The polyp comes & goes, / I can’t breave frew my effing nose.


It is very strange that a poet whose key work lies in three rather short volumes should have caused such difficulties for his editors and such controversy among his readers. But the readers pay him the tribute of a sort of possessiveness and concern: they want their poet to look his best. And it’s hard for a poet to look good in his Collected Poems, if by “collected” we mean anything like “complete.” Most poets’ collected works will include things that would make the author cringe. Presented in untidied form, such gatherings remind me of nothing so much as those yard sales characteristic of recession America, in which families set out on their front lawns the contents of their closets and dens—the Frisbees, the old scooters, the clothes neither wanted nor needed, the dreadful joke presents—all in the hope of raising a little cash. Painters are known to curate their oeuvre by means of occasional bonfires of botched canvases, and experience has taught us that the better the painter, the better advised he is to stand over that bonfire and make quite sure that what he wants burnt does indeed go up in smoke, and is not squirreled away by his admirers and assistants, whether through misguided motives of preserving the legacy, or by the thought of providing for their old age.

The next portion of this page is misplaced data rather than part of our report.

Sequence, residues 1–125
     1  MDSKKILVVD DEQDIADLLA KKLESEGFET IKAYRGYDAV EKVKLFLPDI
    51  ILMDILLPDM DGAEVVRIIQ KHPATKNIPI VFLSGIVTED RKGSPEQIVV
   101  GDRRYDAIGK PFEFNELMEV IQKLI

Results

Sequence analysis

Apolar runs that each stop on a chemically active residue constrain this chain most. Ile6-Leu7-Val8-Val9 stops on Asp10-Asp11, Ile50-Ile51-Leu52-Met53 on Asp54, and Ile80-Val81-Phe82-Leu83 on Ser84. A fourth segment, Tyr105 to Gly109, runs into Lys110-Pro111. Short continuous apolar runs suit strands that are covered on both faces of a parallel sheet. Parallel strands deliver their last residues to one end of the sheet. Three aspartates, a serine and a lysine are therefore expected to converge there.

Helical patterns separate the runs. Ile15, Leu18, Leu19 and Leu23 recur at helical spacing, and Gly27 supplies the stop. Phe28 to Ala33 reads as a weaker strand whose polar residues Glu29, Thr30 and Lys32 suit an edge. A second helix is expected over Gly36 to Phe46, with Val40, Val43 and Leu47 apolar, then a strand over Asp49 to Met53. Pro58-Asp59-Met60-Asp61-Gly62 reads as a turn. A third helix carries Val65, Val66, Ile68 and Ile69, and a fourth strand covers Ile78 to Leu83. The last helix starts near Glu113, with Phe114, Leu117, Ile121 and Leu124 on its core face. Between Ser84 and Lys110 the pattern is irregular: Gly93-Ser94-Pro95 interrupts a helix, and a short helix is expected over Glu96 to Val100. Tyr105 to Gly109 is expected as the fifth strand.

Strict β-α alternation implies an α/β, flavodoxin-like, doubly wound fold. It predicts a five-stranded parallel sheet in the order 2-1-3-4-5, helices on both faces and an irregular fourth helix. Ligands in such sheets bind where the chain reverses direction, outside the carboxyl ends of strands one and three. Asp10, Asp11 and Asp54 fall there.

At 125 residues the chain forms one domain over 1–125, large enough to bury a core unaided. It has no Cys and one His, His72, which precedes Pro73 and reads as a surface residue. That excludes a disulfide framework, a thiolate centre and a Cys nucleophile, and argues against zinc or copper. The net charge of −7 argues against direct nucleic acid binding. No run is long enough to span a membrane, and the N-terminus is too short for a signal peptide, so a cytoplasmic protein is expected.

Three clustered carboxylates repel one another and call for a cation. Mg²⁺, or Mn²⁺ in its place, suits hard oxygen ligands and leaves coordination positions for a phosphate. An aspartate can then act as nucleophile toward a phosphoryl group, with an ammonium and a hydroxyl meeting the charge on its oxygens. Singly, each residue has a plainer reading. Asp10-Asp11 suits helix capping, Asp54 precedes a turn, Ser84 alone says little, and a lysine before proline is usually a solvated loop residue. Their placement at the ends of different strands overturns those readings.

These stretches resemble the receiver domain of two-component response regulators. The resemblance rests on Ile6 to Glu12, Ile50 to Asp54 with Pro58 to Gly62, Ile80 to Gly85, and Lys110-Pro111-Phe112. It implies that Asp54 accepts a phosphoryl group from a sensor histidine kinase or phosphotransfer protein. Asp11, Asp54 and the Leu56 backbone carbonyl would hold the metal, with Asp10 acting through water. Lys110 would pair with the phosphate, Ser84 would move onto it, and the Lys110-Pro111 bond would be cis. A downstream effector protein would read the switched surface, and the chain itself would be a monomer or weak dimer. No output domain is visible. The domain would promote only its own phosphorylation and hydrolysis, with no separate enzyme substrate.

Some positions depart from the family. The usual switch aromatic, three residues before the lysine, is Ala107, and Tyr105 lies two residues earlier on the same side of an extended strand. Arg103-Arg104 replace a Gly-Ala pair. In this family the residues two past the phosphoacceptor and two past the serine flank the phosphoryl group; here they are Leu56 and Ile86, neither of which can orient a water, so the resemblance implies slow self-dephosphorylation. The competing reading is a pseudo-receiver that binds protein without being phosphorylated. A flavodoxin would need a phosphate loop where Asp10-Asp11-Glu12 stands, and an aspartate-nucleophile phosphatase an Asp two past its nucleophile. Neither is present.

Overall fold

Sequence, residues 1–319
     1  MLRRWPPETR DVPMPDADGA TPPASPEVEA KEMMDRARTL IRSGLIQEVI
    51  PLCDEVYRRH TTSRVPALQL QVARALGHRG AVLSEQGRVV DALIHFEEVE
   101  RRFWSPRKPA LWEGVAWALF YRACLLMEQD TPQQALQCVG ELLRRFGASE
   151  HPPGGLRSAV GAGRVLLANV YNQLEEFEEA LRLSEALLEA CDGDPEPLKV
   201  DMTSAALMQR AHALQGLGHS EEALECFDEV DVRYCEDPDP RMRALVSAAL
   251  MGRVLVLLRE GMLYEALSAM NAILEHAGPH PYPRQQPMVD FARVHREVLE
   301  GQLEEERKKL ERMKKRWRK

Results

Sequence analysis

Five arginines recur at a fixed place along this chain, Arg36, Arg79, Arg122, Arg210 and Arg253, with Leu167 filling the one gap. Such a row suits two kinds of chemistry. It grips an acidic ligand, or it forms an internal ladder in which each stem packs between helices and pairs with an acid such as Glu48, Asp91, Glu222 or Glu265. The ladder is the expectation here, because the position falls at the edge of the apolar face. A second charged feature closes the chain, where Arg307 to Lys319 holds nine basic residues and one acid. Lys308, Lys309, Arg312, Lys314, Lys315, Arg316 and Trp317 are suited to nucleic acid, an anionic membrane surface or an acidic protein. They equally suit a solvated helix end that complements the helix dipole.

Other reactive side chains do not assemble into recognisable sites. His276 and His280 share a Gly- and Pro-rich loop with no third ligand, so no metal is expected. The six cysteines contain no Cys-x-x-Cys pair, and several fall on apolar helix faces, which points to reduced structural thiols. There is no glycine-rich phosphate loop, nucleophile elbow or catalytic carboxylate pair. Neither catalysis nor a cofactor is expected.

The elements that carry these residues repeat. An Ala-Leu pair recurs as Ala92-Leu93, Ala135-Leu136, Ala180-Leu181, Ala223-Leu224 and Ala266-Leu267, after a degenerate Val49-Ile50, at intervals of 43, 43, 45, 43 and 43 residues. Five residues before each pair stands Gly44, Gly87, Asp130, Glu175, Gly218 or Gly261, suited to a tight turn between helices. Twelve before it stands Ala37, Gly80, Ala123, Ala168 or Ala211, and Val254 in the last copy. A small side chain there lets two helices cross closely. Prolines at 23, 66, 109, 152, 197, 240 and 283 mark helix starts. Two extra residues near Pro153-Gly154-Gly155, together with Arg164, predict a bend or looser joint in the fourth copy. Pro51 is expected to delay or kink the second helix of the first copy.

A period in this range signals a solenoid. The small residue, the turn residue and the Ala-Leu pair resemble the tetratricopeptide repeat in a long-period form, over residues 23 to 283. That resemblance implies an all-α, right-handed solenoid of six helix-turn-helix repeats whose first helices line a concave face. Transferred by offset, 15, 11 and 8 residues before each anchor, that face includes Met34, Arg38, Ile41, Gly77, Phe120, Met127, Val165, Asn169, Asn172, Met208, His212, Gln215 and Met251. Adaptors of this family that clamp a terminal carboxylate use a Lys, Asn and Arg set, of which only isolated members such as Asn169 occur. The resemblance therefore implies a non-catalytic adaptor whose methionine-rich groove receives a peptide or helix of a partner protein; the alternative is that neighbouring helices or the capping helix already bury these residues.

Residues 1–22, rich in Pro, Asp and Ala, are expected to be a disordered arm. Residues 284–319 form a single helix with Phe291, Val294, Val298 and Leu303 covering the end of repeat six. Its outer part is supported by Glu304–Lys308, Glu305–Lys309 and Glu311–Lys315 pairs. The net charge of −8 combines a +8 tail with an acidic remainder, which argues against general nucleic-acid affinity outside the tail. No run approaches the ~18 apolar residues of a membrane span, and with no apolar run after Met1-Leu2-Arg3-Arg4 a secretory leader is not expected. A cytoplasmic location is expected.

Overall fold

more from James Fenton at Threepenny Review here.